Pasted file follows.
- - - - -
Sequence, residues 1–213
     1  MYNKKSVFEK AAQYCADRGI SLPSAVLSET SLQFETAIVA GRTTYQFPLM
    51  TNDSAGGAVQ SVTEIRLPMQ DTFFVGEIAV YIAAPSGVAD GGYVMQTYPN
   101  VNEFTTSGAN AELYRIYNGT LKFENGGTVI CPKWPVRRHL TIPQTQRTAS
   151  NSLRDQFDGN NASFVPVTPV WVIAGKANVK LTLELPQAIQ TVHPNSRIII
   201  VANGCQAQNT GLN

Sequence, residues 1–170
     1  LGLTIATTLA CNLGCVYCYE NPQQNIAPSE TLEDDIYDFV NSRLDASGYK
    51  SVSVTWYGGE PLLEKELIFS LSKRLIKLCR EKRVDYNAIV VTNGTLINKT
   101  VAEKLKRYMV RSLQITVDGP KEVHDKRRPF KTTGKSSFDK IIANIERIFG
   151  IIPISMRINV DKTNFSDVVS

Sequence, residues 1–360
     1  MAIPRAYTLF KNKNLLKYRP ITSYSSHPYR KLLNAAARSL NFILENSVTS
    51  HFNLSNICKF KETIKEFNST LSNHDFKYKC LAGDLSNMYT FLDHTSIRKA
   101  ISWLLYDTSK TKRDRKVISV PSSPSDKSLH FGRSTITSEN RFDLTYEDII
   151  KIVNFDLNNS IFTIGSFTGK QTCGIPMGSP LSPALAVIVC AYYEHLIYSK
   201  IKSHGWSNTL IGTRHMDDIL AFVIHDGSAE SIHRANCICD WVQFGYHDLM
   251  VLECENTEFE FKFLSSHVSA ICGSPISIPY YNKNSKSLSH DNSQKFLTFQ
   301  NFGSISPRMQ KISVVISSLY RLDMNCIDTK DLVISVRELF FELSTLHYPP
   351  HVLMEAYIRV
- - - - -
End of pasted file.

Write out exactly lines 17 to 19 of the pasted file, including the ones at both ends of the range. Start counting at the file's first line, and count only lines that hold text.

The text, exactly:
   201  IKSHGWSNTL IGTRHMDDIL AFVIHDGSAE SIHRANCICD WVQFGYHDLM
   251  VLECENTEFE FKFLSSHVSA ICGSPISIPY YNKNSKSLSH DNSQKFLTFQ
   301  NFGSISPRMQ KISVVISSLY RLDMNCIDTK DLVISVRELF FELSTLHYPP